Al said...

You've got a great selection of critters here (or should I say hare?).

Jean @sonotorganized.com said...

Your goldfinch is so vibrantly colored! Love that black swan as well. The brown hares are very beautiful, hope the buzzards don't have too much luck this year. Have a great weekend!

GreenComotion said...

Brilliant snaps of some of the most beautiful critters, Phil!
Love the Brown Hares especially :)
Have a Happy WE!!
Peace :)

A Colorful World said...

Poor Chaffinches with the CVP! It's always sad to see disease or parasites on wild animals! No one can really help them! Loved the brown hares and the black swan. All your photos are awesome as always!

Angie said...

The heron looks a bit disgusted with having to wait ... I guess I have not seen a goldfinch in all my time in the UK - I did not realize that it has the red coloring on its face. Lovely shots!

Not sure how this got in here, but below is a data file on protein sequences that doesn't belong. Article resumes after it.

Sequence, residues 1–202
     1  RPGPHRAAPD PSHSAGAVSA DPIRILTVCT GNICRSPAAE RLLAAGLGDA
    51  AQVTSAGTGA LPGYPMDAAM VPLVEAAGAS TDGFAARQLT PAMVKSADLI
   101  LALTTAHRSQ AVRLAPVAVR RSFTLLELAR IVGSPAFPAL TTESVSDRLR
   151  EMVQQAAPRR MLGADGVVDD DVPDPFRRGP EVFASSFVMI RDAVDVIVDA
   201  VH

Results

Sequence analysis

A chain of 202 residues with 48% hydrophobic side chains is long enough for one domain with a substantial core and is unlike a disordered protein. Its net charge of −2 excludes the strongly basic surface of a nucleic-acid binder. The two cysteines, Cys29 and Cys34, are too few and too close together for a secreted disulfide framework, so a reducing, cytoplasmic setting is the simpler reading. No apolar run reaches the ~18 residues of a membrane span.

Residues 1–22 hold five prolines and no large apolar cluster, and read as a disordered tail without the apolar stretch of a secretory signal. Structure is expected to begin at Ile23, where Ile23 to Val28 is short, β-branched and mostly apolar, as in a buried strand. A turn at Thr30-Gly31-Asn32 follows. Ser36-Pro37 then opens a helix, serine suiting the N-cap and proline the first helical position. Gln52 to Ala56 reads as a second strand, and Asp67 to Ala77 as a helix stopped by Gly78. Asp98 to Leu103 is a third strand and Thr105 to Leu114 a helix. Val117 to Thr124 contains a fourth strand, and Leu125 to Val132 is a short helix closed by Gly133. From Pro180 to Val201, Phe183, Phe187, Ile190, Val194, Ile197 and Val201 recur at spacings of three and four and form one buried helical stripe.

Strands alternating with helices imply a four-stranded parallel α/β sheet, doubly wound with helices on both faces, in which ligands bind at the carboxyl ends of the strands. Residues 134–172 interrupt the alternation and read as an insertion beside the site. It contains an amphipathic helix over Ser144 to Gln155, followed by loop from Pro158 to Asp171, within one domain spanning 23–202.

Joyful said...

Beautiful photos and wonderfully informative post. I always feel sorry for the helpless creatures like the Chaffinch with the diseased legs.

Anni said...

That disease -tho not deadly sounds nasty. Love the black swan & the -finch in song. I do believe that Conder Green would be a favorite area for me!

All of us bird enthusiasts enjoy & appreciate your sharing this weekend...thanks!

Sandy Kessler said...

goldfinches of my youth almost always sitting on a thistle were yellow with one black stripe .This red face startles me pleasantly ..Lapwing how i love thee

Kelleyn Rothaermel said...

I used to have 3 finches! They were so sweet! Just your typical brown ones. This golden finch is incredible!

Anne (cornucopia) said...